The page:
lunes, 6 de diciembre de 2010

Heavy fire on Science paper

The following has been extracted from "The Guardian"´s website today.

12.42pm: David Dobbs, blogging at Wired Science, reacts to the backlash from sceptical scientists:

"If the paper is as weak as these critiques hold, Nasa appears to have been not just overzealous but reckless — and Science not only went along for the ride, cheering wildly, but put all the gas in the car."

He also points the finger at the research embargo setup as it stands:
"Here's the problem: When a paper is still under embargo and we journalists call an outside expert to get comment on it, the expert has often not actually seen the paper yet, since, well, it's under embargo. If time allows (often not, since one usually has only a few days and everyone is busy) then you can send the expert(s) the paper, and they can read the paper and get back. But as the experts usually lack time to compare impressions with peers, few will go out on a limb and really lay into a paper under those circumstances. You usually get either "This looks interesting, with a few caveats I'd like to note" or "I'd rather not comment."

You'll rarely get an outright dismissal. They lack the time and probably the taste for the trouble it'll make."

He neatly sums up Nasa's media-baiting press release and the subsequent disappointment of science writers and journalists:
"We thought we were getting cupcakes. Some of us wanted cupcakes. Who doesn't want cupcakes? Now everybody's got humble pie in front of them, quite a bit to eat yet, and no dessert on the menu."

Monday 12.08pm: Lots of stern criticism of the research and Nasa's PR over the weekend. Microbiologist Rosie Redfield at the University of British Columbia, Vancouver, says the paper in Science, "doesn't present any convincing evidence that arsenic has been incorporated into DNA (or any other biological molecule)". Blogging at RRResearch, Redfield analyses the methodology of the research in detail. Her conclusion?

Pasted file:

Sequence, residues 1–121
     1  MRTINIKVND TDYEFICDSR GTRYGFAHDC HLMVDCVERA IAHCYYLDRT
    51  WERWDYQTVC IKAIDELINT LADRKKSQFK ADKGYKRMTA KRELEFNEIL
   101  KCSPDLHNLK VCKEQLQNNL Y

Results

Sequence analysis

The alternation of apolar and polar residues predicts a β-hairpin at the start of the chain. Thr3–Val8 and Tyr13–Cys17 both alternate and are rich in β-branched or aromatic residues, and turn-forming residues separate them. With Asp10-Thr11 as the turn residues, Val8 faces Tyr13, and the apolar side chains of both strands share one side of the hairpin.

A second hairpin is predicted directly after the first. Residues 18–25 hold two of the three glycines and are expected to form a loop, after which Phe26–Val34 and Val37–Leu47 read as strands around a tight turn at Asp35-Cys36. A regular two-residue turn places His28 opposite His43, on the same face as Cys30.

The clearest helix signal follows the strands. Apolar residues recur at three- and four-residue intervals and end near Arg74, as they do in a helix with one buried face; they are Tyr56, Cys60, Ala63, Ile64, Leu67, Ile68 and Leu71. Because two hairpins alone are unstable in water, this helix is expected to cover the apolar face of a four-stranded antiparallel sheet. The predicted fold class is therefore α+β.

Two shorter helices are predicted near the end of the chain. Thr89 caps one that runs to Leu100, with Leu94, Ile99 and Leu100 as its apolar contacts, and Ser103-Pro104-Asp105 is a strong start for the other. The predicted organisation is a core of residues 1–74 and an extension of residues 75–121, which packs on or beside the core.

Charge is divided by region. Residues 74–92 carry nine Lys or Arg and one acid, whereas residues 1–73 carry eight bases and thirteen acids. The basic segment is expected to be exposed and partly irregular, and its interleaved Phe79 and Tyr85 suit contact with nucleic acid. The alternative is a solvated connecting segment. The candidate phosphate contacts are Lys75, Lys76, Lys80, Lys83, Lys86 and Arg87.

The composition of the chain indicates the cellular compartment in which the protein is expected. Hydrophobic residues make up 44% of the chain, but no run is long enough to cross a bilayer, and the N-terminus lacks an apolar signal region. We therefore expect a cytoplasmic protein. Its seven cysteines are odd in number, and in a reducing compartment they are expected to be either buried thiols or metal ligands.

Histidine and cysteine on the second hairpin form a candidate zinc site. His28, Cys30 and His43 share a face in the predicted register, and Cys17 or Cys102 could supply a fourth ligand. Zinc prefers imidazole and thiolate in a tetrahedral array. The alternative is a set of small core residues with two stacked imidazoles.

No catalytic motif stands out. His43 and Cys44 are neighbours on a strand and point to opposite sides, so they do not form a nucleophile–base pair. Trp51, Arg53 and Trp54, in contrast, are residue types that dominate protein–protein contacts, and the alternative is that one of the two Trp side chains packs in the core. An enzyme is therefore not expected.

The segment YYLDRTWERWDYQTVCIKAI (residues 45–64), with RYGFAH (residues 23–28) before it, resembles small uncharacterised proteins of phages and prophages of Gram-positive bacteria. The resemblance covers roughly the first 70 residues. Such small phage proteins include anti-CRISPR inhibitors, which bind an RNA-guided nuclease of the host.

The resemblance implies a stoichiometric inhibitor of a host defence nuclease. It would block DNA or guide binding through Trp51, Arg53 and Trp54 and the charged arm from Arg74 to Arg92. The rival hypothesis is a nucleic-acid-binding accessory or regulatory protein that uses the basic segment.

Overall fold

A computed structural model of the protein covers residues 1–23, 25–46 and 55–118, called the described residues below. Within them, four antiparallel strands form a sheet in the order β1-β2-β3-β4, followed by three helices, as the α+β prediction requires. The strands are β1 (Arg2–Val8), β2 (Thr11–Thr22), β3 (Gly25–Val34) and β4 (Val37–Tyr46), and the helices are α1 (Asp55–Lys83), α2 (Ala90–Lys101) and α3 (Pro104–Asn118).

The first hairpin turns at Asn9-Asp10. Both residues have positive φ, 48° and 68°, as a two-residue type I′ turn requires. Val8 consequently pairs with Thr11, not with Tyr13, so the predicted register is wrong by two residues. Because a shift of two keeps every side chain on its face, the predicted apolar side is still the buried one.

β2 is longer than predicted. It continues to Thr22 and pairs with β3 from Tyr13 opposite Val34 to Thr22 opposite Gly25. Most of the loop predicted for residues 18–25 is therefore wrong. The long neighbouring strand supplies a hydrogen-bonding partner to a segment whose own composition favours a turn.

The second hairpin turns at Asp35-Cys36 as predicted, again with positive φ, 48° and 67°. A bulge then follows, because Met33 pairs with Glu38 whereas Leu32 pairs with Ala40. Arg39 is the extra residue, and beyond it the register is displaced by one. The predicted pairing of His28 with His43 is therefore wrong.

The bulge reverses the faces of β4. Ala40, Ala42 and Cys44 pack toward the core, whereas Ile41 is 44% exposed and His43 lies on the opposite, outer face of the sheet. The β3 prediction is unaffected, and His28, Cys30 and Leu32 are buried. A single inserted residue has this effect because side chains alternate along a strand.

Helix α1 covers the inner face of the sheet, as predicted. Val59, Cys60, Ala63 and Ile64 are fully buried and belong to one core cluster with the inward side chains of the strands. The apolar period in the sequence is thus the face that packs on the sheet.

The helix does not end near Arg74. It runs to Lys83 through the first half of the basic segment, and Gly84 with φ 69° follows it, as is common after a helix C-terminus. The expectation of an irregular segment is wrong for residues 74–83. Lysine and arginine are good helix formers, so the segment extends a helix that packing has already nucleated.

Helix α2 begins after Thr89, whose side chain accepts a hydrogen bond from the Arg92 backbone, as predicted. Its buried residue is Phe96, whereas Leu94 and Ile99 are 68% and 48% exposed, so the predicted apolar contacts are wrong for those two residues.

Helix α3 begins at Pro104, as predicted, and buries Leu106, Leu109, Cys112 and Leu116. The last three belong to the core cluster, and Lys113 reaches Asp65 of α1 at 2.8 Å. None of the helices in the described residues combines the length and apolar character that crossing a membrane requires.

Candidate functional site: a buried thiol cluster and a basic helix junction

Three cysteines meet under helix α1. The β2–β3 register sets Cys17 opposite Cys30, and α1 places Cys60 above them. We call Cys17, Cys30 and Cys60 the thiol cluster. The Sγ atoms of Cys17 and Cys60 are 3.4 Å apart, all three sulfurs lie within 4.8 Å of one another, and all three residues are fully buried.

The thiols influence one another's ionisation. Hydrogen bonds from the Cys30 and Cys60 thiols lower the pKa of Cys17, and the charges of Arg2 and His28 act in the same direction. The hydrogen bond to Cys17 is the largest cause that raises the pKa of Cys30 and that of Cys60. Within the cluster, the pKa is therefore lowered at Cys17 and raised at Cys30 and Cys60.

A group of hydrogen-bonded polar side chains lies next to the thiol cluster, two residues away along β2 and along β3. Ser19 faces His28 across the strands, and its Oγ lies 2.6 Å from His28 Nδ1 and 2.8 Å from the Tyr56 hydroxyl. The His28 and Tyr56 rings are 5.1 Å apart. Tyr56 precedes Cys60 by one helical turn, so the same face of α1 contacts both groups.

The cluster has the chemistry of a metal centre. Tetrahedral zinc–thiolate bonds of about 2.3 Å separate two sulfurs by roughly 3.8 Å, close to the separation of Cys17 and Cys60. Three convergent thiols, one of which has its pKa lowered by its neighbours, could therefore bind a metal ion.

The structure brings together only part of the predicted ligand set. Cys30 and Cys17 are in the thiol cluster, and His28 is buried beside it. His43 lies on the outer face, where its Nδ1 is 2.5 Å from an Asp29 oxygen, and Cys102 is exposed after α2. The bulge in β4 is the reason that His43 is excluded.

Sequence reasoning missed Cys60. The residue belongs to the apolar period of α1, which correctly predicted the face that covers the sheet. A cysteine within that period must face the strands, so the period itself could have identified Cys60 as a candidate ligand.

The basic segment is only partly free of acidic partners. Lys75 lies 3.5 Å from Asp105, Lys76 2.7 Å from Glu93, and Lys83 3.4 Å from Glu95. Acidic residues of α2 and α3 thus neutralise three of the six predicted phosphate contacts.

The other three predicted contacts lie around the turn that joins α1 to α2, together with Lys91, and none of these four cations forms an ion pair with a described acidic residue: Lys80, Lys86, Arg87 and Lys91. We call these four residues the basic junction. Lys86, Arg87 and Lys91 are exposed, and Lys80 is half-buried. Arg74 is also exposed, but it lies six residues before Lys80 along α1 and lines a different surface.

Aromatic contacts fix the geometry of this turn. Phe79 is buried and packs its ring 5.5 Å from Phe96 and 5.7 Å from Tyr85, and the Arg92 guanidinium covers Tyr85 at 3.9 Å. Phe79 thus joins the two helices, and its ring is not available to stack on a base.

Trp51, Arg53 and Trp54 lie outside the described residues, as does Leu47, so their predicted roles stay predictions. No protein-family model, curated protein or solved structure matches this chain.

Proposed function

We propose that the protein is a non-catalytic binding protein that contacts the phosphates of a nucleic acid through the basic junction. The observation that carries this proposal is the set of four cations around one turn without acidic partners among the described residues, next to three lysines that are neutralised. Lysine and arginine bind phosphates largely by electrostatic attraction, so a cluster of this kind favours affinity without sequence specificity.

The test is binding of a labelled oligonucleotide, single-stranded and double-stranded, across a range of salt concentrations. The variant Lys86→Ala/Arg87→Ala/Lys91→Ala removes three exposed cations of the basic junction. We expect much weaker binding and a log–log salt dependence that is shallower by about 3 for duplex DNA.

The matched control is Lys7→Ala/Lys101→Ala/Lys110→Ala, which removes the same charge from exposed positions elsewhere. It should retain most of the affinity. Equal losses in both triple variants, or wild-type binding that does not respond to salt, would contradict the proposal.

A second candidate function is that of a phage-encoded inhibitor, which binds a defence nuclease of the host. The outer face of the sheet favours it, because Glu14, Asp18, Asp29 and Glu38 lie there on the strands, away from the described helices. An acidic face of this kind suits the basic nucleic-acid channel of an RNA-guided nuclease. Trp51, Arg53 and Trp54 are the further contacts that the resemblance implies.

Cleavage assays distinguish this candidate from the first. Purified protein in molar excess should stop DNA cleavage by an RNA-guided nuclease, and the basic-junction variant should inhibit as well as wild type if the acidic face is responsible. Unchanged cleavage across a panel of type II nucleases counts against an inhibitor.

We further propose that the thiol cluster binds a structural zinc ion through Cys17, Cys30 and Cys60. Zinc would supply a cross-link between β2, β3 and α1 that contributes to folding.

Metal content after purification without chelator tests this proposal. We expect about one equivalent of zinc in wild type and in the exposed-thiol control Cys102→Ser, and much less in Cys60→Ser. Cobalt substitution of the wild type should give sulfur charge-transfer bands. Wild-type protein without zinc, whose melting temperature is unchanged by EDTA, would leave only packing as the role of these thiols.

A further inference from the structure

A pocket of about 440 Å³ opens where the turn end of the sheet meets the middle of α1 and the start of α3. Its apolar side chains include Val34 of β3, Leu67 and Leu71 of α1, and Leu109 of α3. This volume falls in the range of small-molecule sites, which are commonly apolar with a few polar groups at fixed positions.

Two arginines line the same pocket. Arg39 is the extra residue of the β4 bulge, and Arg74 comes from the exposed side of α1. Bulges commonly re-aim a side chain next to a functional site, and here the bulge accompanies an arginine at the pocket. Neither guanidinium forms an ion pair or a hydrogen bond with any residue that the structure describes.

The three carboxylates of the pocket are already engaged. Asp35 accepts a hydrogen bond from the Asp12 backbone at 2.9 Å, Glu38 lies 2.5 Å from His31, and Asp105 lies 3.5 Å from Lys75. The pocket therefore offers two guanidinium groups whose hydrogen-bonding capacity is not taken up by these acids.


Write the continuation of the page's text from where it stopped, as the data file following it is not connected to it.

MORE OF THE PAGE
"Bottom line: Lots of flim-flam, but very little reliable information. The mass spec measurements may be very well done (I lack expertise here), but their value is severely compromised by the poor quality of the inputs. If this data was presented by a PhD student at their committee meeting, I'd send them back to the bench to do more cleanup and controls."

People commenting on the post have encourage Redfield to submit her analysis to Science for publication as a letter, which she says she will do.
There appears to be a lot of support for Redfield's view. Under the headline "Alien biology hype" on his blog, palaeoanthropologist John Hawks at the University of Wisconsin-Madison focuses on the lack of controls in the research.

"I'm no microbiologist, but I read the paper carefully because it seemed to be such an interesting result if true. And the paper simply does not include the controls to show that arsenate has been taken up as part of the DNA. All the other claims in the press accounts of the discovery – for example, the idea that the organisms could substitute arsenate for phosphate in ATP – were complete fiction."


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